Monday, 18 October 2021

Mamoru Hosoda new anime movie Belle

Mamoru Hosoda new anime movie Belle

Mamoru Hosoda's new film Belle gets inspired by his 5-year-old daughter and attempt to challenge Japanese culture's devaluation of girls and women.

The representation of female characters in anime has often been considered tricky, but director Mamoru Hosoda is arduous to change this in his new anime movie Belle.

Mamoru Hosoda told The Washington Post in a recent interview.

"I feel that women or girl characters in Japanese anime are often portrayed through a lens of desire major to their sexual exploitation, and too much is brushed off as a freedom of expression,"

The director further talks over how Japanese animation has heavily influenced the perception of women and girls and what it means to be robust and beautiful, but not in a positive way.

He stated.

"Such manipulation [has been] . . . justified with the notion that it's occurrence in a fantasy world, and not in reality. But I feel that, surely, such acumentions are connected and will influence our reality,"

Belle is a enumerate of the fairy tale Beauty and the Beast. The story follows Suzu, a shy 17-year-old self-conscious about her looks and unambitious to play music after her mother dies. However, after connecting the virtual world known as "U," she takes on the persona of Belle, an captivating pop star with flowing pink hair, and quickly gains an enormous following.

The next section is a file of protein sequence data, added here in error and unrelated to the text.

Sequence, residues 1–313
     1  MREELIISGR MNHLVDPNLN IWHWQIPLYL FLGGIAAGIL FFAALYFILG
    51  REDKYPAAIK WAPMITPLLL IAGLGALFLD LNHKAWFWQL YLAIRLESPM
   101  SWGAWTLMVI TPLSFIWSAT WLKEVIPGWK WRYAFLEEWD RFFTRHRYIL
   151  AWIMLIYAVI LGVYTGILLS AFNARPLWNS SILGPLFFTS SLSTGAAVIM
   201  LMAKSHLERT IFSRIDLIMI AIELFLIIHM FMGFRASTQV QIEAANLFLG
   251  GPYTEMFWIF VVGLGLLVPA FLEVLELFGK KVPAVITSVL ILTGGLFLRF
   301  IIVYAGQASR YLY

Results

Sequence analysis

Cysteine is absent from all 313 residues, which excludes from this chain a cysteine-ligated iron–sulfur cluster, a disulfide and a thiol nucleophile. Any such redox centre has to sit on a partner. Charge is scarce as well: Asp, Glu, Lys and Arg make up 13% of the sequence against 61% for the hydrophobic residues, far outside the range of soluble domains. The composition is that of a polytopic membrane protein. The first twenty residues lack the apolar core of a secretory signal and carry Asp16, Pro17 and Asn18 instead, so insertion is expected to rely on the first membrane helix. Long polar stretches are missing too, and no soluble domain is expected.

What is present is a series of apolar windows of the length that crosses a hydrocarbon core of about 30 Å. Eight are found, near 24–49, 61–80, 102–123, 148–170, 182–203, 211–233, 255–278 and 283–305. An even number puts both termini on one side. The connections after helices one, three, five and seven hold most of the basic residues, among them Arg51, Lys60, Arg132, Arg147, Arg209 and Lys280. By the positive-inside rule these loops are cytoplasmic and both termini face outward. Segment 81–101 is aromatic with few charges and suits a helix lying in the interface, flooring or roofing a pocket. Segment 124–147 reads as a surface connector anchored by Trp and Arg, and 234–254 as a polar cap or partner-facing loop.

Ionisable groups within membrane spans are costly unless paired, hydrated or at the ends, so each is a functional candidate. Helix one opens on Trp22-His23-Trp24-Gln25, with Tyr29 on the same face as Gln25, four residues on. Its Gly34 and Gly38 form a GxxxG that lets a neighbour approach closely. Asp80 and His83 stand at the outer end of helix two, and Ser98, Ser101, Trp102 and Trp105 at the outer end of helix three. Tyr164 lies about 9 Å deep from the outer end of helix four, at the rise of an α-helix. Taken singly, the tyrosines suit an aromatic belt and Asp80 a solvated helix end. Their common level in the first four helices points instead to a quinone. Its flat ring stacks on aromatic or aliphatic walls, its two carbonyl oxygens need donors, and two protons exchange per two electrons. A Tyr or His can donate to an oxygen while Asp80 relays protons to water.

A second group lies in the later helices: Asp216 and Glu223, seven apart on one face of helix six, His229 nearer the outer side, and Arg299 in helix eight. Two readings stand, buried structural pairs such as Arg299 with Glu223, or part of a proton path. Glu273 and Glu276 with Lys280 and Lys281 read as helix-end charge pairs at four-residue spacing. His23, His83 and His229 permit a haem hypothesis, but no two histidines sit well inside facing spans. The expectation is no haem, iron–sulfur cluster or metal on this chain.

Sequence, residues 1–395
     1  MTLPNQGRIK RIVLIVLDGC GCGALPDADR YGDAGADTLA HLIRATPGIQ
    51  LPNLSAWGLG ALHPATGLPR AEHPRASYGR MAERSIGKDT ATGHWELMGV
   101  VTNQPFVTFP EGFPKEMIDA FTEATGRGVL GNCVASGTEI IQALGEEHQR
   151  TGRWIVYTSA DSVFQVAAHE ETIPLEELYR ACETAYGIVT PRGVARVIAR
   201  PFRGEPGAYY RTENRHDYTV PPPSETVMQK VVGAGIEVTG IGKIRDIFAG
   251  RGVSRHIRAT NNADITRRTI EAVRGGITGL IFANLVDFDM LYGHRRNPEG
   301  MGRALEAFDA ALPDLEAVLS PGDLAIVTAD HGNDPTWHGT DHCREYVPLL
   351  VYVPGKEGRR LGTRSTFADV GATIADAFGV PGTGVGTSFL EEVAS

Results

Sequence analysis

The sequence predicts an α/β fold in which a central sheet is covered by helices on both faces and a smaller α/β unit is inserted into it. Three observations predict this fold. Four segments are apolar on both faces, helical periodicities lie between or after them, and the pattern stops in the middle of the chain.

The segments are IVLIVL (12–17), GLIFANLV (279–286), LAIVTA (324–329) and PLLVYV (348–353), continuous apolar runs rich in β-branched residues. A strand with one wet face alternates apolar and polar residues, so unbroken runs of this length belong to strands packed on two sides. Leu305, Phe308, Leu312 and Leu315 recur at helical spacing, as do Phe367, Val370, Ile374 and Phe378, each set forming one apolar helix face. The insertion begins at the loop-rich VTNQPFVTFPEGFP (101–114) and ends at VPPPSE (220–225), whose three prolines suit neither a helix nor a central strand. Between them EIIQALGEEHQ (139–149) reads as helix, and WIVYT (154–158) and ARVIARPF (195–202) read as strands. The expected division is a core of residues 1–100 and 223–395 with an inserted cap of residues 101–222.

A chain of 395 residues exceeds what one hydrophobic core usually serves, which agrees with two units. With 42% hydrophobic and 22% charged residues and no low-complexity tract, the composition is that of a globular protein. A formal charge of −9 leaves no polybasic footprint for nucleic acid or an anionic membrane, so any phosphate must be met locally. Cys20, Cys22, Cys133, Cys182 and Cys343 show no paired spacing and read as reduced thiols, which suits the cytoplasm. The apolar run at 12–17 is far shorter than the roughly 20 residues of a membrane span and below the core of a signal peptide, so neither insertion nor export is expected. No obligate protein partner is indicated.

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Mamoru Hosoda described how his 5-year-old daughter inspired the movie and its message about using the strength of technology as a tool for female empowerment and a force for good.

The director explained.

"She is in preschool and is quite timorous, so I imagined how she was going to pull through once she gets on social media and begins having all sorts of online interactions,"

"For the younger generation, the predictable will be to live in both worlds and that both worlds are their realities,"

"And the Internet plays a biggest role for them to raise their voice and get out into the world."

Recently, Hosoda has stirred contention in the anime industry by criticizing how other directors portray female characters in their works. While some have questioned if his feelings are different from those he condemns, others have applauded the director's efforts. Professor Akiko Sugawa from Yokohama National University credits Mamoru Hosoda as one of the individuals challenging Japanese culture's devaluation of girls and women.

The professor stated.

"Anime has the power to generate and break gender stereotypes,"

While projects like Belle are a vital step forward for the anime industry, according to Professor Akiko Sugawa, there is still much room for improvement. The industry needs to recognize more different voices.

She explained.

"There are now more positive representation of LGBTQ characters, issues and works that pose questions about social problems. And with the rise of more diverse directors and anime decision-makers, there's hope for more change to come,"

Belle gets expected to premiere in US theaters sometime this winter.

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